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# Telephone Line Transpositions

It has been shown that two types of voltages - voltages in series in the line wires, and voltages between the wires and ground - may be induced in telephone circuits by paralleling electric power lines. The effects on these voltages of transpositions in the telephone lines will now be considered. Transpositions in the power circuits will be considered in later sections.

The circuit of Fig. 1 has been redrawn in Fig. 9 with a transposition at the center of the telephone line; this balances the telephone line with respect to the power wire. Voltages will still be induced in each telephone wire by the varying magnetic field; these are indicated by e1, e1', and e2 and e2' of Fig. 9. Since the two telephone wires nowr occupy the same relative positions, e1 + e1' = e2 + e2', and, since these sums are substantially equal and the voltages are opposite, they will almost neutralize each other. Telephone line transpositions therefore tend to equalize the voltages induced in series in each line wire by magnetic coupling. This often greatly reduces the noise. The effect of transpositions on induction from power-line voltages through the electric field will now be considered. As shown in Figs. 4, 5, and the accompanying discussions, this field tends to raise the telephone wires to unequal voltages above ground.

 Figure 9. A transposition in the telephone line balances it with respect to the power line. With this arrangement, e1 + e1' = e2 + e2', and negligible resultant voltage will exist to force a noise-producing current through the connected telephone sets.

With the circuit transposed, conditions change from those of Fig. 5 to those of Fig. 10. In this figure, voltage Effi = Eff->' and Eff2 = Effi, but the two former exceed the two latter in magnitude. These voltages at a given instant are assumed to act in the direction shown. The equivalent circuit is also shown in Fig. 10, and from this the effect of transpositions can be explained.

Analyzing the equivalent circuit, it will be found that the voltage Eg2'-Eg1' will tend to send a noise current I' up through the telephone at the right, and that the voltage Eg1-Eg2 tends to send a current I down through the same telephone set. This current I will be less than I' because of the series impedances in the line wires. Hence, a resultant noise current will flow up through the telephone set at the right. Thus, a difference of potential, determined by the magnitude of the line series impedances (other facts being comparable), exists between the ends of the two wires at the right (and at the left as well).

If the transposition sections are shortened, the series line impedance per section will be reduced, and the difference of potential across the telephone sets will be lessened. Although the transpositions reduce the noise-producing voltage between the wires as just explained, they do not appreciably affect the voltages to ground which may, therefore, act through unbalances to cause noise.

 Figure 10. Actual and equivalent circuits showing how telephone line transpositions reduce noise caused by the telephone line wires being raised to unequal voltages above ground.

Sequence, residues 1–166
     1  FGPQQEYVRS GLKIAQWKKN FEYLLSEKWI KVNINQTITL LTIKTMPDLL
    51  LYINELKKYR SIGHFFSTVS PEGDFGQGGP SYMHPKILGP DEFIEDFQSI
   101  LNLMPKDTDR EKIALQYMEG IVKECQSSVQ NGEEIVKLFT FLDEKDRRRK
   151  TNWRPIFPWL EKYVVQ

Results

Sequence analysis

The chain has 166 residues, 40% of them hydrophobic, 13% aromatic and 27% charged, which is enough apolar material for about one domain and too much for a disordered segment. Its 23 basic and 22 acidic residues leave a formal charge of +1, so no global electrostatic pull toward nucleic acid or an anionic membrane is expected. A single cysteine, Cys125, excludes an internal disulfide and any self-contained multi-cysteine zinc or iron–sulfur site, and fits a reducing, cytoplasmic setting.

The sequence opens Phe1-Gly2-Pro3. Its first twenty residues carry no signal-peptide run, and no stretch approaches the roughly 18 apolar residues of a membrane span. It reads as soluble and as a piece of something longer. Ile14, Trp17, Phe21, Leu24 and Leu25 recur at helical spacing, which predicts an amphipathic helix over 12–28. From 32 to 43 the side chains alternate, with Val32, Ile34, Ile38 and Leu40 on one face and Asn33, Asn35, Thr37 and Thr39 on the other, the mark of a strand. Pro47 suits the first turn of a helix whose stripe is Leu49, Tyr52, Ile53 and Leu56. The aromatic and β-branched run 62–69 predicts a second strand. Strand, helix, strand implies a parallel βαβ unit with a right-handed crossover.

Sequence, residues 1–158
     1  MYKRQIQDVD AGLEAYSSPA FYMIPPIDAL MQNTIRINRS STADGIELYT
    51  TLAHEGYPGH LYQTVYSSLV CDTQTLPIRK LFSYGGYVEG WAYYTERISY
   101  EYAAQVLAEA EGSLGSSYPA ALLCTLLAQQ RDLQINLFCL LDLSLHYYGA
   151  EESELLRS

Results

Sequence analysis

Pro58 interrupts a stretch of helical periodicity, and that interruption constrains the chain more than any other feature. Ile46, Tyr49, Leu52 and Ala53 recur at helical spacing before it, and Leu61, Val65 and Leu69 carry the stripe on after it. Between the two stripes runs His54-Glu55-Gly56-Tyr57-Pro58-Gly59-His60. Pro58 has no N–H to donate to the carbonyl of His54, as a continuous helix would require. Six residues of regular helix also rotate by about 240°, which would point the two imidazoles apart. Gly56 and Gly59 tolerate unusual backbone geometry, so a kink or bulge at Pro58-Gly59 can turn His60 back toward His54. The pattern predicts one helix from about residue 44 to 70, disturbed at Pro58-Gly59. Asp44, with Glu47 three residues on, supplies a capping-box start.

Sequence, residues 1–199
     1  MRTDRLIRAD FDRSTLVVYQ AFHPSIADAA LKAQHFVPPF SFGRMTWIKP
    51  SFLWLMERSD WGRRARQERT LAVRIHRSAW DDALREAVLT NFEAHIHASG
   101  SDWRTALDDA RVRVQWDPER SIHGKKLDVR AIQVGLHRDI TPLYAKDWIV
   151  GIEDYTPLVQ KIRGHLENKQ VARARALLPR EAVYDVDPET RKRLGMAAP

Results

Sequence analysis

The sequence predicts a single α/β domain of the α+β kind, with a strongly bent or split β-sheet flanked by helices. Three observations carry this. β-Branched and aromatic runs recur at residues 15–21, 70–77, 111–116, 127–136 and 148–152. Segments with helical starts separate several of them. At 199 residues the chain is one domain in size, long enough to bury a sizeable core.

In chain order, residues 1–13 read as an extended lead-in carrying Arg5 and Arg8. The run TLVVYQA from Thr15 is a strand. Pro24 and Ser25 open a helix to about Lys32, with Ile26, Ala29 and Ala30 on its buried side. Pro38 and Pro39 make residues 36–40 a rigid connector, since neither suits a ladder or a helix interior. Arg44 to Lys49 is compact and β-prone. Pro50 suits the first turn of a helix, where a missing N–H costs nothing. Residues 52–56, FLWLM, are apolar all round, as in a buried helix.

In both the explanations just given, it was pointed out that transpositions tend to reduce noise. It has sometimes been thought that one transposition located in the center of a disturbed circuit of any length will reduce the noise to a very low level (In fact, such an arrangement was tried without success on the early New York-Philadelphia circuits.)

One transposition is not effective for several other reasons. The first is that because of line attenuation the magnitudes of the current and voltage are not exactly the same at each point along the power wires. This will prevent complete equalization of the voltages. Although this effect may be negligible for many power systems, it exists nevertheless. It is especially important when considering crosstalk from telephone circuits which have comparatively high attenuation.

The second important reason that very long transposition sections are not effective is due to phase relations. As was shown in Chapter 6, a finite time is required for the propagation of current and voltage impulses, and, although these might have the same magnitude (neglecting attenuation) in different parts of a circuit, they would have different phase relations. It is apparent that, if the phase relations are greatly different in two sections of a line, it would be possible to have the induced voltages tending to add. Phase relations are particularly important for the higher frequencies (shorter wavelengths) encountered in communication circuits; it also becomes of increasing importance for the higher power-line harmonics which are in reality the components causing noise.

The practical solution is to have the telephone transpositions (and also the power transpositions as will be shown later) close together, so that the distance between transpositions is but a small fraction of a wavelength of the impulses in the disturbing circuit. Also, keeping the wires of the disturbing circuit close together will tend to reduce the stray fields and the influence factor, and, similarly, keeping the wires of the disturbed circuit close together will tend to reduce the susceptiveness factor.

Last Update: 2011-05-28